dc.description.abstractThe family Bunyaviridae is the largest known taxonomic group of arboviruses. Four of the five genera possess members which are responsible for serious human and livestock disease. The worldwide distribution of these viruses justify studies which will allow understanding of the replication and transcription cycles within permissive cells. The bunyaviruses have been shown to possess a tripartite single strand RNA genome of negative polarity. Replication is confined to the cytoplasm and the virion envelope is acquired when the genome ribonucleoproteins bud into the golgi. Virus release is presumed to be through exocytosis and ultimately cell lysis. The messenger RNA species of all five genera do not possess a poly-A tail of sufficient length to bind to an oligo(dT) cellulose column. This has made separation of viral transcripts from replicating RNAs difficult. In an effort to achieve this separation, infected cell extracts were centrifuged over 20-40% CsCl gradients which permitted replicating RNA structures to band at a density of 1.32 while cellular and viral mRNAs pellet. Recovery of viral transcripts from the CsCl pelleted RNA required synthesis of a cDNA copy of the virus genome to use as a probe. This was done by an unusual method which employs both genome and antigenomic RNA as templates for reverse transcriptase in a first strand synthesis reaction. Recombinant viral clones were then used in a hybrid selection scheme to recover virus mRNA from pelleted material. After recovery, the messages were visualized on acid urea agarose gels pH 3.5, or used to program an in vitro translation reaction. Using these methods, it was established that each genome segment codes for a single messenger RNA which is most likely capped, and that for at least the mid sized segment, proteins with molecular weights which exceed the coding capacity of the genome are translated from the single message.en_US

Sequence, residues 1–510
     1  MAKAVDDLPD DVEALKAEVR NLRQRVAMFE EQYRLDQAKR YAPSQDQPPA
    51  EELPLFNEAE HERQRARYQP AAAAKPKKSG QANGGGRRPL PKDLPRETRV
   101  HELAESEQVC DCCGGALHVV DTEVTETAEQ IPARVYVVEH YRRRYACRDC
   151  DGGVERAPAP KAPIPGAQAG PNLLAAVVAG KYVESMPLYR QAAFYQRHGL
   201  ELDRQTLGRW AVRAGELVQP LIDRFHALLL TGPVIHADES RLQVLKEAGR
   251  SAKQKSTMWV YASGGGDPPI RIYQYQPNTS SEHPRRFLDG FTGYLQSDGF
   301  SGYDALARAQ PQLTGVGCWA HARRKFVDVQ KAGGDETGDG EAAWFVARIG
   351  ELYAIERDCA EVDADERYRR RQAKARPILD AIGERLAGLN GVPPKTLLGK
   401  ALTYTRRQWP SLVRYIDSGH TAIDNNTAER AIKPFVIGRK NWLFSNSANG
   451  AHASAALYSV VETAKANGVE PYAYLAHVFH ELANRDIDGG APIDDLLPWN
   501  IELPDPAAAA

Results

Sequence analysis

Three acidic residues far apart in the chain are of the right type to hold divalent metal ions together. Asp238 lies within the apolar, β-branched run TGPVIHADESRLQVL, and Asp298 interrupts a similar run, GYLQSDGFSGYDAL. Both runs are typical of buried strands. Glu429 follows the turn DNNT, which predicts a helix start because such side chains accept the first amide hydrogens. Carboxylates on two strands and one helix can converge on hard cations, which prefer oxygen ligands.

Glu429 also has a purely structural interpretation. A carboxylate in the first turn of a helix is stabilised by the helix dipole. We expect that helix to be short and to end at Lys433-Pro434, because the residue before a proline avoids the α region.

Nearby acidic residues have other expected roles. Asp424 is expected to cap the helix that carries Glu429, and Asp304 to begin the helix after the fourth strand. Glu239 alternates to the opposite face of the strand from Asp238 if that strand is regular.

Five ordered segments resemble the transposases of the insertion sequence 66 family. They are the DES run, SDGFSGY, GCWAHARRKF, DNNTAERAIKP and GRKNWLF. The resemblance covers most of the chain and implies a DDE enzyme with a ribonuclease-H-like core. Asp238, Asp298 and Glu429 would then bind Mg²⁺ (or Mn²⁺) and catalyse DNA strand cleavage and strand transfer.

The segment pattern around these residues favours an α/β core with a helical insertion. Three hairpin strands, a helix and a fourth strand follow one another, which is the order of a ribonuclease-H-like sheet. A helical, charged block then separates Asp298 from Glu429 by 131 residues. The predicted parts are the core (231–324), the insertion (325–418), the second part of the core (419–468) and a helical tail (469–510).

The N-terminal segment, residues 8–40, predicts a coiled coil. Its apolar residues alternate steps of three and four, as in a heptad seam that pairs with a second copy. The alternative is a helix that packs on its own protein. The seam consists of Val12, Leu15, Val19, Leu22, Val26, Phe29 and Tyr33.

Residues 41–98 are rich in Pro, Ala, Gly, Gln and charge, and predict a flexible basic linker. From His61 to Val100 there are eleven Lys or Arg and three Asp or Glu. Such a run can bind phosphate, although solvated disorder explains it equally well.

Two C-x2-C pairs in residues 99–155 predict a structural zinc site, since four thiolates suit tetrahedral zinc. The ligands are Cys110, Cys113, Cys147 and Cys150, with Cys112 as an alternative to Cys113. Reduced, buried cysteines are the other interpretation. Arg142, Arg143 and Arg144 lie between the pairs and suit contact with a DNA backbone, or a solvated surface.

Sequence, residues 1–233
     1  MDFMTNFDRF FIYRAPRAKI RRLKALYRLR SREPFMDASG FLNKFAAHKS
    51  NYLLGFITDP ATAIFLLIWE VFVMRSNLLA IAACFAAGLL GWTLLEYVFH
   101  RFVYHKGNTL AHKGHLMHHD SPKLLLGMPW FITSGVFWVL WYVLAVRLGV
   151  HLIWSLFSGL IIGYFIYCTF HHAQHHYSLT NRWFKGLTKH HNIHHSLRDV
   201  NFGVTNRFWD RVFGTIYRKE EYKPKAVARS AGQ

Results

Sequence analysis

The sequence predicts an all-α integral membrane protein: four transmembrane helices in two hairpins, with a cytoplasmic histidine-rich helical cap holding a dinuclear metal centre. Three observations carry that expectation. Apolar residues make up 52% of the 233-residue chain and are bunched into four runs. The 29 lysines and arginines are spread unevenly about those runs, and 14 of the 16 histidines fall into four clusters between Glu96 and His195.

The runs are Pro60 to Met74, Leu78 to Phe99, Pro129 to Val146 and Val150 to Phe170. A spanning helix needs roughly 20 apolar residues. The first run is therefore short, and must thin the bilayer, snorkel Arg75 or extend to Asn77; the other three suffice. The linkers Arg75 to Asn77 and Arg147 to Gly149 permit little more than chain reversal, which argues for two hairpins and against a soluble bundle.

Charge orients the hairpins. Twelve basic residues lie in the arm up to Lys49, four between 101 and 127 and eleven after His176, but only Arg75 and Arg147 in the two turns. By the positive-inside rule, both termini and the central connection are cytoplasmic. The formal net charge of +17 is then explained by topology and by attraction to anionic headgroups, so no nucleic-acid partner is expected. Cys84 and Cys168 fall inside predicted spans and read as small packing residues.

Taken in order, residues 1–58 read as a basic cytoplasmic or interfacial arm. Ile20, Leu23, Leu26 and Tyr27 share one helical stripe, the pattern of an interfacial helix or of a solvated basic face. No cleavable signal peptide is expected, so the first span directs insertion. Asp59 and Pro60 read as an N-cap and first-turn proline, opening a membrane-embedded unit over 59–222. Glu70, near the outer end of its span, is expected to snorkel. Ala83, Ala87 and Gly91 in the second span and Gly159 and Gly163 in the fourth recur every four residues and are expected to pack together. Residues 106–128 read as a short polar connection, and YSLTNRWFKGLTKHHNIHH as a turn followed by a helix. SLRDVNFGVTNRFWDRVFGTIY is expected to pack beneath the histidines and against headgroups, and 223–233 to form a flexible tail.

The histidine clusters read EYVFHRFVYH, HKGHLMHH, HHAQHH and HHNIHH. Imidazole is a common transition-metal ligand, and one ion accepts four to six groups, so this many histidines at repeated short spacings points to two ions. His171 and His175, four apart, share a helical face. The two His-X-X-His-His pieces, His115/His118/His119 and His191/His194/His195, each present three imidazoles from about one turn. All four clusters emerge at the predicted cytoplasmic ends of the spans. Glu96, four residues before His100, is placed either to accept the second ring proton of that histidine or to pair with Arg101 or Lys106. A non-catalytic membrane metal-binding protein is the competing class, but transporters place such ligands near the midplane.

dc.typetexten_US